LetterOne has multiple links to Teneo, which was founded by two Democratic consultants that worked for former Presidents Bill Clinton, Barack Obama and former Secretary of State Hillary Clinton. The private equity firm has been involved with almost a dozen deals estimated to be worth over $1 billion, according to PitchBook. Uber saw a $200 million investment from LetterOne in 2016.

Teneo has since grown into a consulting giant, with past clients including Dow Chemical and Coca Cola. Foreign clients have included Neom, a company backed the juggernaut Public Investment Fund with the goal of creating a megacity in Saudi Arabia and a foundation led by an Emirati princess.

Their listed senior advisors is a who’s who of political and business leaders including former Republican House Speaker Paul Ryan, former IBM CEO Ginni Rometty, former Dow Chemical CEO Andrew Liveris and Harvey Pitt, the former chairman of the Securities and Exchange Commission.

Doug Band, who was once one of Bill Clinton’s closest aides, founded Teneo with Declan Kelly and Paul Keary. Kelly worked as the special envoy to Northern Ireland in the Obama administration and helped Hillary Clinton run for president in 2008. Band and Kelly have since left the firm, with the later resigning from being Teneo’s CEO after reports of him drunk and acting inappropriately at an event organized by the Global Citizen nonprofit. Keary became the CEO after Kelly’s resignation.

A contract between Teneo and LetterOne reviewed by CNBC shows that the consulting firm was hired in 2020 for a retainer of $150,000 per month to advise the fund on their media strategy. Teneo, according to the contract, was expected to “provide strategic counsel and stakeholder engagement advice to the company and its board members(including, without limitation, scheduling media interviews, assisting with media briefings, coordinating stakeholder engagements and related activities).”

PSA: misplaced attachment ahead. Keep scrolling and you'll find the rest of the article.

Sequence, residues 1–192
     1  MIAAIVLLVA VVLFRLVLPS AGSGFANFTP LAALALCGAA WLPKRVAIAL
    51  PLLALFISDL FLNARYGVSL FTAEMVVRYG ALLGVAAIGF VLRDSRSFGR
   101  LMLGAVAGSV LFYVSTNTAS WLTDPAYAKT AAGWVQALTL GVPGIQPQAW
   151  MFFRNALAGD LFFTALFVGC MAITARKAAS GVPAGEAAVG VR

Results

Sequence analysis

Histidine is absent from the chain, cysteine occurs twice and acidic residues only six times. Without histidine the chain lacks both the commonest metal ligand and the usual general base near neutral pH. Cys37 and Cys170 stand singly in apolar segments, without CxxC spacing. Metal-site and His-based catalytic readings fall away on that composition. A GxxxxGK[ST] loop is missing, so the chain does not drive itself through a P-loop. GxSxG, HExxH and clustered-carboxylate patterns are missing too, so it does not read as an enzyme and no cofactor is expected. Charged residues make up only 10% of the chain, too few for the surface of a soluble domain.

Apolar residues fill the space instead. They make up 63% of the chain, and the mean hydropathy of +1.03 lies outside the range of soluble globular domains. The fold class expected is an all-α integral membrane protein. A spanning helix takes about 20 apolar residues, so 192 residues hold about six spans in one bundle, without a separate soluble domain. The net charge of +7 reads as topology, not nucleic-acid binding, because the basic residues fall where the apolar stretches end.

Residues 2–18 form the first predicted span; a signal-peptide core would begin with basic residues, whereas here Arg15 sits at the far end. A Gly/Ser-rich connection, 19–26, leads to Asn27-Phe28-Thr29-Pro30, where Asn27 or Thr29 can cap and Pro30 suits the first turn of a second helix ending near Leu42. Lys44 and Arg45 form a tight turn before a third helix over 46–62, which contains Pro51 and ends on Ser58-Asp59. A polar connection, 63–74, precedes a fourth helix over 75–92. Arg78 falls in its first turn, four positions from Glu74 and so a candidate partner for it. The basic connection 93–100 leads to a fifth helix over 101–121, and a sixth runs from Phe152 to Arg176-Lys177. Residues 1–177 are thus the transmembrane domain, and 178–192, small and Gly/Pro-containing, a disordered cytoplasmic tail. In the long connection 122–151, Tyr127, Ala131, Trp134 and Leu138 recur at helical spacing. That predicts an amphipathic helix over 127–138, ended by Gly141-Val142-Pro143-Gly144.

Under the contract, LetterOne was on track to pay Teneo more than $3.6 million since September 2020. There were at least four Teneo representatives that worked the account, according to other documents filed to the DOJ.

Further documents show that through last year, Teneo took credit for trying to set up interviews for LetterOne leaders with producers and television anchors, including those at CNBC, Bloomberg and Fox Business. A document shows that a Bloomberg representative was contacted almost a dozen times to see whether LetterOne could sponsor one of their Bloomberg Invest events.

There are other ties between Teneo and LetterOne.

LetterOne’s non-executive chairman is Evan Davies, a British businessman who was once the Minister of State for Trade, Investment and Small Business. He’s also a senior advisor at Teneo.

VEON, a telecommunications company operating in Russia and Ukraine is listed on LetterOne’s website as one of their active investments. Ursula Burns was chairman of the VEON board for almost three years before stepping down in 2020. She later became the chairwoman of Teneo.

Meanwhile, VEON announced on Tuesday that Mikhail Fridman resigned from their board.